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Californian Civil War?

California has found itself embroiled in an internal conflict over illegal immigration, and it doesn’t look like it will be resolved anytime soon.

The Trump administration has been more vigorous in enforcing existing federal law on immigration than some previous administrations. Trump has called for an end to the sanctuary policies: where the locally established powers, either through legislation or general authority, refuse cooperate with ICE agents when processing criminals confirmed to be in the U.S. illegally.

California, the apparent poster-child of open borders, seems to have gone the opposite direction from the wishes of the Trump administration, doubling down on sanctuary policies. California passed SB 54, state-wide legislation that instructs local authorities to not cooperate with federal agencies when in custody of illegal immigrants. And while the Trump administration is understandably perturbed that California is making difficult the federal government’s constitutionally obliged duty, some counties and cities in California, tired of the crime that such laws attract, are resisting California state authorities with equal vigor to how the state is resisting Washington.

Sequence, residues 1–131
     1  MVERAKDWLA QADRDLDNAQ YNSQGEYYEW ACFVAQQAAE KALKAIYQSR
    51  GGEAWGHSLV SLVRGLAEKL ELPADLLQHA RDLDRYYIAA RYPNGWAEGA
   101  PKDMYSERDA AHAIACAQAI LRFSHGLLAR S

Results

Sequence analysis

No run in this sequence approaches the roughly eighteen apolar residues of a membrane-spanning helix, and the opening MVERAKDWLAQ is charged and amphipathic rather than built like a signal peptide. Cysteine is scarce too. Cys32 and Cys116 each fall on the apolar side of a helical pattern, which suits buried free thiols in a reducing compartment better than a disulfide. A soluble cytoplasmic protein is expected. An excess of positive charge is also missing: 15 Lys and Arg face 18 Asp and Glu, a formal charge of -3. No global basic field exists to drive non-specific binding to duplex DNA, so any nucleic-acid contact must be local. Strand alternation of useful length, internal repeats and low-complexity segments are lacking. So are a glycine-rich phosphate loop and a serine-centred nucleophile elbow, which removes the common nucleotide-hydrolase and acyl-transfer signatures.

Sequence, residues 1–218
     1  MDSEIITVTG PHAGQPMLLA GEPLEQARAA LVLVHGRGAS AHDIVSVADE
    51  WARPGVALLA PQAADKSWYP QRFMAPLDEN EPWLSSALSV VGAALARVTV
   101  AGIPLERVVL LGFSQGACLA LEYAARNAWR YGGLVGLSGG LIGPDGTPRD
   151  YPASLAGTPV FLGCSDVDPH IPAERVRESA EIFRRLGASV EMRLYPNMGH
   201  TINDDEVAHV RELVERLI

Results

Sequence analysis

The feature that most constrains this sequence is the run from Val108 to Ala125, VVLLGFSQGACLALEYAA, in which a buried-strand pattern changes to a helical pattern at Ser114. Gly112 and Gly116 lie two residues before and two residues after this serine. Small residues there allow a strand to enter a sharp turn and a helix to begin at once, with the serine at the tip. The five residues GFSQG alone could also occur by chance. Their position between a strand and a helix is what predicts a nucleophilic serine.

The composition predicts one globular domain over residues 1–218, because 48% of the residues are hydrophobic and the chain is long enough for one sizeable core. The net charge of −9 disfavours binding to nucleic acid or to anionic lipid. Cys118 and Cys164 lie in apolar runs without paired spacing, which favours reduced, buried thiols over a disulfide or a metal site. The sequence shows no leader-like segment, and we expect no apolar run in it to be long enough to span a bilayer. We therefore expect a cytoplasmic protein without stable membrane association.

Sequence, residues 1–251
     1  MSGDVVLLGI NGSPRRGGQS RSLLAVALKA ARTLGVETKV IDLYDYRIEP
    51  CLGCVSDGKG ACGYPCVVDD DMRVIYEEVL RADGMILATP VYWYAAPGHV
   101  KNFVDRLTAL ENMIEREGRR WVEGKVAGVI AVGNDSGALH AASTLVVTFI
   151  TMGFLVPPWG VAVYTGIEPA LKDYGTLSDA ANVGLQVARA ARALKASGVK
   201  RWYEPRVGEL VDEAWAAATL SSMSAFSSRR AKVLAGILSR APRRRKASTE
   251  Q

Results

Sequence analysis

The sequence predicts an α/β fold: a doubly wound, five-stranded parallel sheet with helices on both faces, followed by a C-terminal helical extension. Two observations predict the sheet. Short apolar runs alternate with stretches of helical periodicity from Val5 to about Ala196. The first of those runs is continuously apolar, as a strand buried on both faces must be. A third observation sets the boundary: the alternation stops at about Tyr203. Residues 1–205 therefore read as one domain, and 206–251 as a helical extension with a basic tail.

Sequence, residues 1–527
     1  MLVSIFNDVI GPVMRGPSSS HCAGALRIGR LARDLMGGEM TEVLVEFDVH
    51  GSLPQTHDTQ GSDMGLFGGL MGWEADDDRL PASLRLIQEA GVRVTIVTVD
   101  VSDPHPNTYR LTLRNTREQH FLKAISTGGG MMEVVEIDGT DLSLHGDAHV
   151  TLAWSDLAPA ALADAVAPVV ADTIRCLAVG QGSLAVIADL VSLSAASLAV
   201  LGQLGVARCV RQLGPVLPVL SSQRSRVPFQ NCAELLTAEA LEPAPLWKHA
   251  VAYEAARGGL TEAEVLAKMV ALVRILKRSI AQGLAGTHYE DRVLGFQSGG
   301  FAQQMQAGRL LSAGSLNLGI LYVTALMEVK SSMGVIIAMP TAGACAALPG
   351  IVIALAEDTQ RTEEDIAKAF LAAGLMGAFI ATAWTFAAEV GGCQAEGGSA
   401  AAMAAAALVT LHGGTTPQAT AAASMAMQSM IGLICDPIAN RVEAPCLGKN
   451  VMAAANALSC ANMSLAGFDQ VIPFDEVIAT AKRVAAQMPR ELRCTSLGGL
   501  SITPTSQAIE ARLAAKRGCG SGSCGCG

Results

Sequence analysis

The struggle has had some back and forth between the state and smaller Californian governments. Local authorities declare or legislate their unwillingness to abide by to SB 54. Sacramento then counters by telling them to knock-it-off or else arrests of local officials would be made. However, the threat of incarceration for local leaders has not been the deterrent Sacramento thought it would be. According to Real Clear Politics, fourteen California cities and two of its counties have joined the resistance to the resistance (initially begun in Los Alamitos) by passing their own counter-measures to SB 54. Orange County even joined the federal government in a lawsuit over the issue. Additionally, no doubt in part fueled by such concerns like the state government’s refusal to enforce its own immigration policies (let alone federal ones), there are several plans to split California into at least two states, if not entirely separate the state from the U.S.

This internal struggle has damaged the monolithic image of California as a progressive state, showing that there are many within the Golden State that have no confidence in some of the policies being promoted there. Consequentially, California, in addition to striving with Washington, is at war with itself. Since there seems to be no common ground between the parties, with all sides believing their side is the moral one and their opponents are benighted, it begs the question of why the state doesn’t go ahead with its proposed divorce proceedings, instituting an independent Republic of California and one or more new states of California. Otherwise, this just becomes a battle to enforce one will on conscientious objectors of both sides, which is never been a workable recipe for peace.

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